Republican presidential nominee Donald Trump leaves after speaking in a town hall meeting in Miami, Sept. 27, 2016. JEWEL SAMAD/AFP/Getty Images

Managers at Trump National Golf Club in Rancho Palos Verdes, California, in the mid-2000s had to make sure the so-called "pretty" female employees were working when their blustery boss came to visit. Court records show he had made it clear to them he wanted to fire the women he felt weren't attractive enough, the Los Angeles Times reported Thursday.

The Times surfaced a sworn declaration from Hayley Strozier, the 2008 director of catering at the club, which described the way Donald Trump, now the Republican nominee for president, interacted with women at the swanky establishment. "I had witnessed Donald Trump tell managers many times while he was visiting the club that restaurant hostesses were 'not pretty enough' and that they should be fired and replaced with more attractive women," she said, according to the Times.

It reportedly created an atmosphere where everyone understood what the billionaire wanted. "Initially, I heard Mr. Trump say this almost every time he visit the club (which was perhaps four or five times a year)," Strozier said, according to the court document posted online by the Times. "Later he made these comments less frequently because the club's managers knew about this 'attitude' or tendency of his and capitulated to it by changing the schedules of our employees so that the most attractive women were scheduled to work when Mr. Trump was scheduled to be at the club."

A restaurant manager made similar claims in a 2009 court document saying Trump wanted attractive women to work at the club and she knew this "because one time he took me aside and said, ‘I want you to get some good looking hostesses here. People like to see good looking people when they come in,’" according to the Times.

Similar claims emerged in 2012 court documents that were part of a labor relations lawsuit levied against a Trump development company in the Los Angeles courts, the Times reported.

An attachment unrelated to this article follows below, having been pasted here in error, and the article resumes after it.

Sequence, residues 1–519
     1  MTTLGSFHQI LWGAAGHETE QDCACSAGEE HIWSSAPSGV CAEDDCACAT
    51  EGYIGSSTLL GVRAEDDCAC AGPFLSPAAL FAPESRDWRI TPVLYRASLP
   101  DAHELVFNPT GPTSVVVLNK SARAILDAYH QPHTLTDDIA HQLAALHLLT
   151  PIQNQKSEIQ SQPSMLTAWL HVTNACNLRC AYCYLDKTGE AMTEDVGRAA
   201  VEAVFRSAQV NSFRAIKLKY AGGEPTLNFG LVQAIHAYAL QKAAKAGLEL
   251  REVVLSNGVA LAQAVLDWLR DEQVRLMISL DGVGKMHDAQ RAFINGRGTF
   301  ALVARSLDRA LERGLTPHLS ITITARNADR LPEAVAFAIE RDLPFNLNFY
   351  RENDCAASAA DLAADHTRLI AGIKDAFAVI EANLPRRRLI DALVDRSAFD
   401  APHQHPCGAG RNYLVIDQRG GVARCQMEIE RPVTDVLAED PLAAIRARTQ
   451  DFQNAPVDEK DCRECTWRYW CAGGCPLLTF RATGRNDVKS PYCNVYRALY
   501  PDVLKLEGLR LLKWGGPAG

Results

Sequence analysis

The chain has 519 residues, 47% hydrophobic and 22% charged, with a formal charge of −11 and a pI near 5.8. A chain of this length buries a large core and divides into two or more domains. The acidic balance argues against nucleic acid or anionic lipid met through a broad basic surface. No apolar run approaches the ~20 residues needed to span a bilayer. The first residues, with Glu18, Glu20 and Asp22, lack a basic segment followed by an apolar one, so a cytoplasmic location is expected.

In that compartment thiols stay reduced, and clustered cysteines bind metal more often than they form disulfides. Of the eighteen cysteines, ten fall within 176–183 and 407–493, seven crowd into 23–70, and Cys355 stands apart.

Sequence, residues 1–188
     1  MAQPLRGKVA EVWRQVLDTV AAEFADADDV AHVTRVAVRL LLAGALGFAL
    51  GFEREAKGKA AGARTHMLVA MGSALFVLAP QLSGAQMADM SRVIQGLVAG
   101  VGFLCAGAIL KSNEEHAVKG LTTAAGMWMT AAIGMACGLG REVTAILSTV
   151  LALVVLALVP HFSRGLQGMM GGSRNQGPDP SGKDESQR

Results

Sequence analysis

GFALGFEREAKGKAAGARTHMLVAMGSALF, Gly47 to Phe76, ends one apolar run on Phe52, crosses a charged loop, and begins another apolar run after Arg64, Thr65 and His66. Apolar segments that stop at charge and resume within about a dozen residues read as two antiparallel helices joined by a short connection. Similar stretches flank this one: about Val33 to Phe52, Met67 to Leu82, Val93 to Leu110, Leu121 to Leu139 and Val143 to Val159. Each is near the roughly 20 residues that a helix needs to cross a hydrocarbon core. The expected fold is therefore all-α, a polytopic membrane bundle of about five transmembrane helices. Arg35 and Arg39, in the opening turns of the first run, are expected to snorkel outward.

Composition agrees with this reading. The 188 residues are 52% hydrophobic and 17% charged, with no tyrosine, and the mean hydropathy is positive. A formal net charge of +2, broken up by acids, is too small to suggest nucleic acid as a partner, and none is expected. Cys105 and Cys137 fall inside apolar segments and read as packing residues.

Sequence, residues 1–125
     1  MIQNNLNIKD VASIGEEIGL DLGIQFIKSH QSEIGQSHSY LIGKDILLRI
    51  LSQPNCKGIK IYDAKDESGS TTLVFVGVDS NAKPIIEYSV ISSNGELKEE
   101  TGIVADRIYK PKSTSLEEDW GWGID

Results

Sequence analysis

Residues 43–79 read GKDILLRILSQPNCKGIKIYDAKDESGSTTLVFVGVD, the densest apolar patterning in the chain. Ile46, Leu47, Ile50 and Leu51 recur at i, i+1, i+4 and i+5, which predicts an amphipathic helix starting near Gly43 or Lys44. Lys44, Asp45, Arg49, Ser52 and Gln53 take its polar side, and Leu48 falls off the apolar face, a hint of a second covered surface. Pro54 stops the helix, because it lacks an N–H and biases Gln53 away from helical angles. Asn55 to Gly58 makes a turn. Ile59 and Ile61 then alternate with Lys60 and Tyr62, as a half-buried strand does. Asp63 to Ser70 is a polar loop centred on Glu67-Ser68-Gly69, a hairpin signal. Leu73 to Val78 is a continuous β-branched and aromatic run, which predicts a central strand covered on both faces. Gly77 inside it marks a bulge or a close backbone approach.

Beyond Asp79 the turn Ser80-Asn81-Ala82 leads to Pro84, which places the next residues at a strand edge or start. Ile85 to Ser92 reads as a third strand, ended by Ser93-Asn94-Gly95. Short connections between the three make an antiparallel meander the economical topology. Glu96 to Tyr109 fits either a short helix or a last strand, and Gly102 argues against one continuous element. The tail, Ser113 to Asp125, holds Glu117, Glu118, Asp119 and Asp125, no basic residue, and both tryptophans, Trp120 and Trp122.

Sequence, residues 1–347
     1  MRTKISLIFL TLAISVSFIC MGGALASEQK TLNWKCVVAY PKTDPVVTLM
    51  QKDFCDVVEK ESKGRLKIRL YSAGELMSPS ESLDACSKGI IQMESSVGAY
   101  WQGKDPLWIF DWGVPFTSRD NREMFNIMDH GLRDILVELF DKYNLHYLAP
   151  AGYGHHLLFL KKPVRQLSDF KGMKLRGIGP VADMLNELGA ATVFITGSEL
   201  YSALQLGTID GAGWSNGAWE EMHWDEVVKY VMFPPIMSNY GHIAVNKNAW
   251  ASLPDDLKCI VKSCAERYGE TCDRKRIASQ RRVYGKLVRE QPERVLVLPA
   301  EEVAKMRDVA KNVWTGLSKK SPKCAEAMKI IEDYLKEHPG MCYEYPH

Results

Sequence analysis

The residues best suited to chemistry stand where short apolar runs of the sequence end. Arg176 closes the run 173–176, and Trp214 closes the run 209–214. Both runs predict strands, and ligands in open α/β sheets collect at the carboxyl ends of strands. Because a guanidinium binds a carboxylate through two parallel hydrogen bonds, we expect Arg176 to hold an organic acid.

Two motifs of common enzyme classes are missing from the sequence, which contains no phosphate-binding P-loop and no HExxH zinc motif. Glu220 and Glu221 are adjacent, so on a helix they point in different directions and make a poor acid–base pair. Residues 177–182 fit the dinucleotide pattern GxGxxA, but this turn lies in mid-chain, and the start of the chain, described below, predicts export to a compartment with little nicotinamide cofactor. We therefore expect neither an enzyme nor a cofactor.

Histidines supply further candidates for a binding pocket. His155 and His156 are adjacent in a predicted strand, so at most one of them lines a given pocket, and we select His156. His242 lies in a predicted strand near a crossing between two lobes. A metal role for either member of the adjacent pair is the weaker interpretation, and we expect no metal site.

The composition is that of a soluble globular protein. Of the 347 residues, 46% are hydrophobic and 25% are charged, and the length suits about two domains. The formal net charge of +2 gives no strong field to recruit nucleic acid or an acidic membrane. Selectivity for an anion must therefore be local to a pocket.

A Trump Organization lawyer told the paper the claims were without merit and denied any discrimination. The full report can be read here.

Trump has said numerous things to women and about women that many feel are offensive. During the campaign alone, he's had major run-ins with Fox anchor Megyn Kelly ("You could see there was blood coming out of her eyes, blood coming out of her — wherever") and Carly Fiorina ("Look at that face. Would anybody vote for that?"). In the past he has called women "pigs" and "dogs" and recently came under fire for once calling 1996 winner of Miss Universe pageant Alicia Machado "Miss Piggy" and "Miss Housekeeping."

Democratic nominee Hillary Clinton has steadily outpaced Trump in support among women at times by more than 20 percentage points. Worse for Trump still, the first presidential debate Monday caused 27 percent of women respondents to think worse of the Republican nominee, according to an NBC News/SurveyMonkey poll. Meanwhile 30 percent of women said their opinion of Clinton had improved after the debate, according to the poll.

The major Times story was also not the only controversy to befall the Trump campaign Thursday either. A feature from Newsweek, which is a part of International Business Times' parent company IBT Media, reported that a Trump business sidestepped an embargo on doing business with communist Cuba in the 1990s.